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Ben Reiniger wrote on Sun, Apr 22, 2018 03:47 PM UTC:

While we do fairly frequently bring up the question of what exactly qualifies something as a "chess variant," we acknowledge that there are different definitions.  For this reason I think we try to be inclusive rather than exclusive in allowed items.  (At least, that is my justification, and I suspect that may have been the case historically as well.  Also, it is helpful that this is a website and not a book: if I were writing another Encyclopedia of CV's, I would be more inclined to be exclusive for space considerations.)

Specifically here, we have a game played with a chess board and chess pieces (well, pieces with chess movement plus arrow-firing), but the goal and some mechanics have been completely changed.  (Somewhere, I can't find it now, this group of games is described.  Joust is another example, and maybe even puzzles like the 8 Queens and similar things qualify.)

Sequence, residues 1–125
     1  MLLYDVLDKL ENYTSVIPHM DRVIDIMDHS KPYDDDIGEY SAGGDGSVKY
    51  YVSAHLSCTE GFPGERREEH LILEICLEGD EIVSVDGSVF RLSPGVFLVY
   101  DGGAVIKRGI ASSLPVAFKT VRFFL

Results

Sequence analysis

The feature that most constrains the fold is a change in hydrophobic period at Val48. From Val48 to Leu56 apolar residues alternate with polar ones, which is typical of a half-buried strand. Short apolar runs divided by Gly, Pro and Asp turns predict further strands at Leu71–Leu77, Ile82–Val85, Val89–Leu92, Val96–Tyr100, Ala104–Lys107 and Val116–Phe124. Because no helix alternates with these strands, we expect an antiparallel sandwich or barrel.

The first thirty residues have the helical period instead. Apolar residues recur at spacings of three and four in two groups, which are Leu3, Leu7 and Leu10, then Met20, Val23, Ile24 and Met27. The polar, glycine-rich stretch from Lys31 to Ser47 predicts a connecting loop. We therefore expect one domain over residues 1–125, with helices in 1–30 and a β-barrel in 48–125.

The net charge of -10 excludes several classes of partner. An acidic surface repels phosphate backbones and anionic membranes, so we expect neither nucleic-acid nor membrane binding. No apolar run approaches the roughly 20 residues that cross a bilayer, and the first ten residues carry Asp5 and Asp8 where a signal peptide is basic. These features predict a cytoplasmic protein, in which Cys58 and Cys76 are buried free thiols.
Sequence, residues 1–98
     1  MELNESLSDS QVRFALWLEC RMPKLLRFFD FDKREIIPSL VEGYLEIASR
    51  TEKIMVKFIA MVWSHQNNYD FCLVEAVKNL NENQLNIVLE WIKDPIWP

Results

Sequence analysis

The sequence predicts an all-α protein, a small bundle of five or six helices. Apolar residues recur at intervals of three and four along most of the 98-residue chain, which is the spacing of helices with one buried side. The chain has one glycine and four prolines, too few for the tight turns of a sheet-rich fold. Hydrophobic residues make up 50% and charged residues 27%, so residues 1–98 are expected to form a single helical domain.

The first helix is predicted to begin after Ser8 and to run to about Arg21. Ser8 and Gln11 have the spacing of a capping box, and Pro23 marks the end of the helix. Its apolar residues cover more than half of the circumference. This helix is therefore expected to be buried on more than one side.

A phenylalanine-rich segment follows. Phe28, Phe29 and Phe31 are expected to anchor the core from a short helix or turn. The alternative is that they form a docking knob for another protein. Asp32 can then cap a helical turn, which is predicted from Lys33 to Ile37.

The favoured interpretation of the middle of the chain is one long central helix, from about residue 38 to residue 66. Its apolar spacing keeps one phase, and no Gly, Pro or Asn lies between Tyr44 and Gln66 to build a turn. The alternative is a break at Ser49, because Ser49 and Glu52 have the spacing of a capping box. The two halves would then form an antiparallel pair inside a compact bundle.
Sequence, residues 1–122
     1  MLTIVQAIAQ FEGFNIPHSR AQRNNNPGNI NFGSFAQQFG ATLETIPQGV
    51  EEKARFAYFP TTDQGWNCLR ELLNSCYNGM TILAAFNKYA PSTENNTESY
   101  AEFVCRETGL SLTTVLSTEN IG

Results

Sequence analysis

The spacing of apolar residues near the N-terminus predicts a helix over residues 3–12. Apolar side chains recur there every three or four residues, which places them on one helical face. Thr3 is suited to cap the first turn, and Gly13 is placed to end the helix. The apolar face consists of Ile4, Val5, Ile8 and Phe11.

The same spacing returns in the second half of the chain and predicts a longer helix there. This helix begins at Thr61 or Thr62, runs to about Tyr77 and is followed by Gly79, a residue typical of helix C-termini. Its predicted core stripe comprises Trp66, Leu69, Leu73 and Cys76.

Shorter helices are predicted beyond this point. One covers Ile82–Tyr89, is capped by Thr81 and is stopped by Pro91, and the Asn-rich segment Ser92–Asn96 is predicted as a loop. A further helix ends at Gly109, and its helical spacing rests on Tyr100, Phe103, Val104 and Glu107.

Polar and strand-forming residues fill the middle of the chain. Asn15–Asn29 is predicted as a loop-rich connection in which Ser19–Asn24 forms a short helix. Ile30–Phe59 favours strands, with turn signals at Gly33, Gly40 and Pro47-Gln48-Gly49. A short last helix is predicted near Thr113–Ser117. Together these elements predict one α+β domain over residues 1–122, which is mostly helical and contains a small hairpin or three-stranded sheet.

I've generally thought of Crossovers differently: they are specifically a blending of Chess with some other established game.  E.g., I wouldn't consider this game or Joust crossovers.  Cheskers is a crossover with checkers, and For the Crown is a crossover with deck-building games.

Cheskers actually does seem to meet the royalty condition, though in a different way than standard chess (starting with more than one, and allowing the addition of new ones).

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